Driving to a Festival? Here Are Our Top Tips

Festival season is underway in the UK. Over the coming summer, millions of people will pile into cars and make their way to see their favourite performers.

But the process of getting to the festival can be a lot less enjoyable than the event itself. Let’s take a look at how to prepare for the trip, and to ensure that the weekend goes smoothly.

Plan Your Route and Departure Time

If you’re completely reliant on your satnav, then you’re at risk of becoming lost. After all, no satellite navigation system is perfect.

For this reason, it’s a good idea to mentally rehearse the route you’ll be taking.

Memorize the essential junctions – in most cases, there will only be a few of them. This is particularly important if the festival is in a remote, unfamiliar part of the world.

You should estimate your travel time, too. Try to account for potential road closures and other delays. Give yourself an hour or two extra, and plan your departure time accordingly.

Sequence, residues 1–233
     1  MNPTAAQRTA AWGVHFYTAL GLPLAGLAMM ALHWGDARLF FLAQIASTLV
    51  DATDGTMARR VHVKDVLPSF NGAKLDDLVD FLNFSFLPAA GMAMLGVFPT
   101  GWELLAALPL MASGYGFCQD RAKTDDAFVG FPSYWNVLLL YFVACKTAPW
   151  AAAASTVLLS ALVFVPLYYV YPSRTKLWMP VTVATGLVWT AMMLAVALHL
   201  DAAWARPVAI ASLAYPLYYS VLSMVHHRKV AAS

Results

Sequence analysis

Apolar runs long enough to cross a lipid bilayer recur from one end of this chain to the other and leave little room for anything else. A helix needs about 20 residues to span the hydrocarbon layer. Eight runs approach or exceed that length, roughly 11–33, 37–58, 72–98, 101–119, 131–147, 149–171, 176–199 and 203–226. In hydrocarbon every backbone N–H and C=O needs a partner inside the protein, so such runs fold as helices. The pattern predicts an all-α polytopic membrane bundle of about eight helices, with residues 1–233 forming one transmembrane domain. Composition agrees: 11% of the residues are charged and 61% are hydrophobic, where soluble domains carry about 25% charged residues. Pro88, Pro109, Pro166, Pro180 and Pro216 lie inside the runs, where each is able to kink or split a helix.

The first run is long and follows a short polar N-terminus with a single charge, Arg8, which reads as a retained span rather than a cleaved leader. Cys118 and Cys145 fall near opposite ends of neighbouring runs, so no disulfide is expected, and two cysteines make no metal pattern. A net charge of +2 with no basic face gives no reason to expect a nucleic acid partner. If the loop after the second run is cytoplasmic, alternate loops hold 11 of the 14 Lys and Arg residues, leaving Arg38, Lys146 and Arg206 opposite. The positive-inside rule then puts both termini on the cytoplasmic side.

Prepare Your Vehicle for the Journey

If your vehicle isn’t fit for the road, then you’re sure to run into trouble. Before setting out, perform a few basic checks on your car.

Make sure that the tyres are properly inflated, and that the tread depth is above the legal minimum (which is 1.6mm). Ensure that you have jumper cables packed, as well as an emergency supply kit.

Making sure that you have the right car insurance can be crucial, here. Different policies offer different levels of coverage, so shop for one that’s appropriate to your needs.

Insurance is a legal requirement if you’re going to drive on public roads, but things like roadside assistance and replacement vehicles can be very handy, too.

Stay Alert and Stay Safe on the Road

A festival can be an exhilarating experience, but also an exhausting one. Make sure that you’re focused throughout the drive.

Make sure that you don’t have any alcohol in your system, and that you’re well rested, before you drive home. Driving tired can slow your reaction time, and cause you to fail to notice hazards on the road ahead.

To limit the risk, you might share driving duties with your passengers. But you can only do this if every would-be driver is qualified and insured.

This is something best discussed well in advance, rather than on the day you’re due to come home.